Recent changes to the National Building Code have opened the door to taller wood-framed buildings, now up to a maximum of 6 stories. As a result, we are seeing more and more wood framed multi-unit residential projects breaking ground. This is great for the wood industry and sustainable building materials, but can produce a whole new set of acoustic challenges that architects, developers and designers have to grapple with. Wood framing allows sound to transfer through walls and ceilings very easily, creating a lot of potential noise issues if the design and acoustic details are not properly addressed. 

The article will be the first of many on acoustics, and we’re going to focus on the basics of acoustics and strategies that can be used to help with sound issues in wood framed multi-unit construction. When talking about sound transfer, we are generally concerned with two different types of sound: airborne noise and impact noise. The distinction is important, because strategies that effectively address airborne noise may not work well for impact noise, and vice versa. In the building code and in project plans, you’ll often see metrics such as, STC, ASTC, IIC and AIIC. These metrics are commonly used across North America to measure the acoustic performance of a wall or floor assembly. 

Currently the National Building Code has both requirements and recommendations when it comes to acoustics: 

– Demising walls are required to achieve a minimum of 50 STC wall and to perform to a 47 ASTC (ASTC is the performance of the partition in the field, as tested in an actual construction). 

– Separation between dwelling unit or hotel suite and an elevator shaft or refuse chute are required to achieve a minimum of 55 STC. 

– All flooring assemblies are recommended to achieve a 50 IIC performance. 

 

 

If you’re asking yourself what’s the difference between STC & ASTC and IIC & AIIC, you’re following along nicely. The 2015 NBC incorporated additional metrics: ASTC and AIIC. STC and IIC, are measurements of sound transmission loss calculated in an “ideal” lab environment. This is great for eliminating variables that can affect the numbers, but those lab tests can also give a false idea of how an assembly will perfom on site. Sound is like water, it easily transfers in all directions, including pathways which go “around” the wall or floor partition, known as flanking paths. All of these factors come into play with ASTC & AIIC, which determined through tests carried out on an actual construction site.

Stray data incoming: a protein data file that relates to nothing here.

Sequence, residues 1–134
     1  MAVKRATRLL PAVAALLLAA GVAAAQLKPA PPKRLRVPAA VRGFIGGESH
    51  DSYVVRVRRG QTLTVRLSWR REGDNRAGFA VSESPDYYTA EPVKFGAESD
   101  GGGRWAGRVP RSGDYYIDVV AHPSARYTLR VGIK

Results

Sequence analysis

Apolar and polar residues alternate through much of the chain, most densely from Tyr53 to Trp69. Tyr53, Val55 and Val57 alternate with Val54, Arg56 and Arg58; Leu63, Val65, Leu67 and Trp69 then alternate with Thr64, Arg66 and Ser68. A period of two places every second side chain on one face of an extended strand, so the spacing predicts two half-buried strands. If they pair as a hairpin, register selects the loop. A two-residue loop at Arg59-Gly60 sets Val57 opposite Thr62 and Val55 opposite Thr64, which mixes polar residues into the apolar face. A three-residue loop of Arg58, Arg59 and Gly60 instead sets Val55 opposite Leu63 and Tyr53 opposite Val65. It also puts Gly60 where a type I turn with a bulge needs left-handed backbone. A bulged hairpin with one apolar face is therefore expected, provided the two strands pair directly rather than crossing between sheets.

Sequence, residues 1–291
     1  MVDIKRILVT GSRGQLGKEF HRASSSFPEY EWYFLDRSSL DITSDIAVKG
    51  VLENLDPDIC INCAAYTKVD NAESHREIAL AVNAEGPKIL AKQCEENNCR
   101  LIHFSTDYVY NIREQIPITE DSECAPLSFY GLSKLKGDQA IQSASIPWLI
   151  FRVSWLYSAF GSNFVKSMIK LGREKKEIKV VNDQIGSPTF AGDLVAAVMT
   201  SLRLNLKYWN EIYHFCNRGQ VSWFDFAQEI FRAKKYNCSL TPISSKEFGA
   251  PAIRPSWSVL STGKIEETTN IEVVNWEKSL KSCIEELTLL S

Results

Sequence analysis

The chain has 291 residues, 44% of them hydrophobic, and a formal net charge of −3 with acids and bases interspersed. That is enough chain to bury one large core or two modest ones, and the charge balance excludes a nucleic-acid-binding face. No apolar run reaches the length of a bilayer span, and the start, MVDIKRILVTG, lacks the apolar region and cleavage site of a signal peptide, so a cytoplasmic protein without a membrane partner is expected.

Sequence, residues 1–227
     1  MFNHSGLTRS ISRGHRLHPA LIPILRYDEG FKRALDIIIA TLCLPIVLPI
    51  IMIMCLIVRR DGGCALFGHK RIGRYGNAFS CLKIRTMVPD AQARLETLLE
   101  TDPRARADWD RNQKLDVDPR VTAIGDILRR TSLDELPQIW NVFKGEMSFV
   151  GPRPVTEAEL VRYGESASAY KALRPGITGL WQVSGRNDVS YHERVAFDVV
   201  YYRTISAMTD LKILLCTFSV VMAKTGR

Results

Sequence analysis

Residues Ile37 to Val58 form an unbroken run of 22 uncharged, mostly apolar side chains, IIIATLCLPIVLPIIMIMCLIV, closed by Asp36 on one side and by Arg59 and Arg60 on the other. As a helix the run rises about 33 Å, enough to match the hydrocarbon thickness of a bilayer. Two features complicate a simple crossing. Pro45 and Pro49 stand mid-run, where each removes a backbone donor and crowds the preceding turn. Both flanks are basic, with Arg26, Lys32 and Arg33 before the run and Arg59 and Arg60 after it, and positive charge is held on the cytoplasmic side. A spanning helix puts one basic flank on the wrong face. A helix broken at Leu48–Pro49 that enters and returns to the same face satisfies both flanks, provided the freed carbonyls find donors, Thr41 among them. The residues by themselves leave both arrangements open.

Now that we’ve gone over the basics of acoustics and the industry standards, you need to know a few acoustic tricks: 

– Always seal gaps in your spaces to avoid sound leakage to other rooms. 

– Decouple your wall assemblies to avoid sound vibrations directly transferring through rigid materials to the other side. 

– Add absorptive wall panels to help with higher frequencies sounds. 

– Always, always, always, take into consideration the impacts of acoustics in your construction. It’s always less expensive to do it properly from the beginning. 

Having worked on many construction projects myself, I have tried to find materials out in the market to help with these kinds of sound problems. Recently, I learned about MSL, a manufacturer of soundproofing products for wall, ceilings and floors, all of which are easy to install. Their SONOpan panel is a dimpled wood-fibre board, which comes in 4’ x 8’ sheets and is installed in the wall behind the drywall. It sounds simple, but especially in wood-framed constructions, adding the SONOpan can be worth 10-15 additional STC points. That could easily mean the difference between hearing your neighbours easily and not hearing them at all! In addition, MSL also manufactures a range of membranes for use in the walls and floors. RefleXor is one of those membranes, gold in colour and coming in large rolls. To install, you simply staple it onto a base layer of drywall and finish with a top layer. The RefleXor being in between the layers provides decoupling, as well as sealing off small cracks, gaps and other imperfections which would otherwise lead to reduced sound performance. Thanks to that, it’s also a great odor, smoke and thermal barrier. 

 

 

Lastly, when it comes to flooring in wood framed constructions, impact noise is a particularly tricky challenge. Often, a lightweight concrete or gypsum topper will be added to a subfloor to provide additional mass and increase the STC of the flooring assembly. However, this rigid material doesn’t provide as much of a benefit when it comes to impact noise, or IIC. To mitigate, it’s important to include an acoustic mat when using a concrete or gypsum topper. MSL’s product SONOpro effectively decouples the topper from the building structure, providing a large increase to impact noise insulation. 

At the end of the day, it is very easy to design a wall or floor that should, in theory, hit code targets. However, once construction begins, it can become a different story. The realities and challenges of construction can often cause wall or flooring assemblies to perfom below expectations. That’s why, for every project it’s always important to choose the right materials, as well as a contractor who is aware of these challenges and has the experience and knowledge to address them. Stay tuned as we continue to bring more articles covering acoustic challenges, products, design tips and more!

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